Criterion Sunday 424: Mafioso (1962)

The tropes of the mafia film may have been largely set out a decade later for American viewers, but clearly by 1962 they were already familiar enough in Italy for this broadly comic take. Alberto Sordi plays Nino, a Sicilian man doing a dull factory job in Milan, in the north of Italy, who returns to his home village with his wife and finds himself sucked into nefarious activities on behalf of Don Vincenzo (Ugo Attanasio). Much of the film is interested in the set-up to this apparent inevitability, as his gregarious character (exemplified by his jaunty moustache) and his desperate need to be liked and respected makes him the natural mark for the Don; it hardly hurts either that he seems to be a really good shot at fairground attractions, and so eventually he finds himself unable to refuse a favour for the Don, which turns out to be in New York. In truth there’s not really a whole lot of plot, just this small town family drama along with a bit of local tension over his northern wife (Norma Bengeli), who’s perceived to be snobby, but Sordi’s deft character work makes the film zip by pretty quickly.


FILM REVIEW: Criterion Collection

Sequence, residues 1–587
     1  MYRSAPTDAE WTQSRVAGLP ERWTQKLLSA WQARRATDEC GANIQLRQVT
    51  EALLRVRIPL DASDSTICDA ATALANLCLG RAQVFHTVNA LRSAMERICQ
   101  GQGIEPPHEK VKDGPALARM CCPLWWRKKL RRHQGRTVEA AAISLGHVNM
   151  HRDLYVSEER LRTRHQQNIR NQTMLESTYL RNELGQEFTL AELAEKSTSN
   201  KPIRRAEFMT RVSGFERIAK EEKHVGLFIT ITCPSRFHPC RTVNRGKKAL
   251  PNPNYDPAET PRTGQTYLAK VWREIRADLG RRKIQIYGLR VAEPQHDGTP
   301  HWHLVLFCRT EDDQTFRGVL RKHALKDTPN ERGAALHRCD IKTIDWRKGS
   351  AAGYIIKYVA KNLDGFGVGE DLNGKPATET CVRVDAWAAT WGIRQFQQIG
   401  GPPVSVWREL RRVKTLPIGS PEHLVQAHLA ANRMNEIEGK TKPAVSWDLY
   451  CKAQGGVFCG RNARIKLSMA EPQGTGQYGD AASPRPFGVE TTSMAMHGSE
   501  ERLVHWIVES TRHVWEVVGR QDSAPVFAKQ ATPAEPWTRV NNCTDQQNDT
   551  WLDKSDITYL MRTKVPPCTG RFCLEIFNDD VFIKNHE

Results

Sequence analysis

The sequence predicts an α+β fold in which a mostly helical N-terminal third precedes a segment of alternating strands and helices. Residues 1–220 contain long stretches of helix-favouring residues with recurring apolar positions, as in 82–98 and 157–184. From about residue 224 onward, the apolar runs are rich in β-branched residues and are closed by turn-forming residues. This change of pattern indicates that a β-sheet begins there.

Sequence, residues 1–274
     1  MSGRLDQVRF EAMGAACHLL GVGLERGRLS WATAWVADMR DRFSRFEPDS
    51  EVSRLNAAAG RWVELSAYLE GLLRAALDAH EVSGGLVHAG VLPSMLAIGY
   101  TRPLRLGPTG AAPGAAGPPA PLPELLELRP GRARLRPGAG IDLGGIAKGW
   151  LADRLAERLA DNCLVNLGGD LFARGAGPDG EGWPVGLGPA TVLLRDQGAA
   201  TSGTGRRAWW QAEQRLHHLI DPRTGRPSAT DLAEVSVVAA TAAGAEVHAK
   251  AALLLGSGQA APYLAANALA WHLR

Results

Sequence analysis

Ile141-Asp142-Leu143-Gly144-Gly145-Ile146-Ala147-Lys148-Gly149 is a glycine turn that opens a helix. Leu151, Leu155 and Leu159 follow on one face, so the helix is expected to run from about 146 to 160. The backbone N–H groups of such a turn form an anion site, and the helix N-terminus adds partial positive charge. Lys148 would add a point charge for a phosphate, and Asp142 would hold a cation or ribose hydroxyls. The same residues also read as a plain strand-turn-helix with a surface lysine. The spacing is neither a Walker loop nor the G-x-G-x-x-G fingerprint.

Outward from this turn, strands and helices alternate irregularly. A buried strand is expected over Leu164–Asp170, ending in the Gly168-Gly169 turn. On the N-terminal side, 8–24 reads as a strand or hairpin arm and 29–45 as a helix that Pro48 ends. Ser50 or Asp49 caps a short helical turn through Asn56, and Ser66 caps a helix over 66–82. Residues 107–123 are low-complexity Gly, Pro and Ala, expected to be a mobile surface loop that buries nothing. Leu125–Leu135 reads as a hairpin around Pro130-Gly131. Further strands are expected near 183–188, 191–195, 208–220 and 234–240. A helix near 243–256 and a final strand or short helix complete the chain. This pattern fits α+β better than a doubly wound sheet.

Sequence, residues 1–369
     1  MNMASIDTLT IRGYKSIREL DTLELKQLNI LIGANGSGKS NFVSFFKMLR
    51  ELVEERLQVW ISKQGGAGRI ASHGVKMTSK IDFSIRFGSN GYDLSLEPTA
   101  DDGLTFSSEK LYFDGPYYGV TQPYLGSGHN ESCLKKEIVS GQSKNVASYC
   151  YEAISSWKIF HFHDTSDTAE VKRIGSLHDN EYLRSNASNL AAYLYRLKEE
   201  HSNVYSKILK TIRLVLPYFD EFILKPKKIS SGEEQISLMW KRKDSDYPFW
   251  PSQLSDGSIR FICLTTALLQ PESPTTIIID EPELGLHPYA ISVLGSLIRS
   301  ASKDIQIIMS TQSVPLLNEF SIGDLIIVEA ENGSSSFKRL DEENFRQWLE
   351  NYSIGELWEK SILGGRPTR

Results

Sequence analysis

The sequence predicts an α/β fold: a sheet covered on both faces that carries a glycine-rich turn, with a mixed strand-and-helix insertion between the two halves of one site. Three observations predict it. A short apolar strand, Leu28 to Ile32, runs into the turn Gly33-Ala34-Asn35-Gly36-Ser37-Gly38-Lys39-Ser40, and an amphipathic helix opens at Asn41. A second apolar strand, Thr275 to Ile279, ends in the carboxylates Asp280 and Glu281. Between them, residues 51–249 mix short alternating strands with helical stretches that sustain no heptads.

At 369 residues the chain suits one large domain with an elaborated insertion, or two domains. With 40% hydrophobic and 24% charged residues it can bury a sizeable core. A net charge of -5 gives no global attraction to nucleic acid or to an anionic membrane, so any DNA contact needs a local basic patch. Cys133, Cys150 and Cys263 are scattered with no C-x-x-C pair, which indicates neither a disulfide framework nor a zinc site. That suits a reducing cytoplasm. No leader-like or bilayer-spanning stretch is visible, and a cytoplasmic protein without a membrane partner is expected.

Director Alberto Lattuada; Writers Rafael Azcona, Bruno Caruso, Marco Ferreri, Agenore Incrocci and Furio Scarpelli; Cinematographer Armando Nannuzzi; Starring Alberto Sordi, Norma Bengeli, Ugo Attanasio; Length 102 minutes.

Seen at a friend’s home (DVD), Wellington, Saturday 8 May 2021.

Discuss!

Fill in your details below or click an icon to log in:

WordPress.com Logo

You are commenting using your WordPress.com account. Log Out /  Change )

Google photo

You are commenting using your Google account. Log Out /  Change )

Twitter picture

You are commenting using your Twitter account. Log Out /  Change )

Facebook photo

You are commenting using your Facebook account. Log Out /  Change )

Connecting to %s

This site uses Akismet to reduce spam. Learn how your comment data is processed.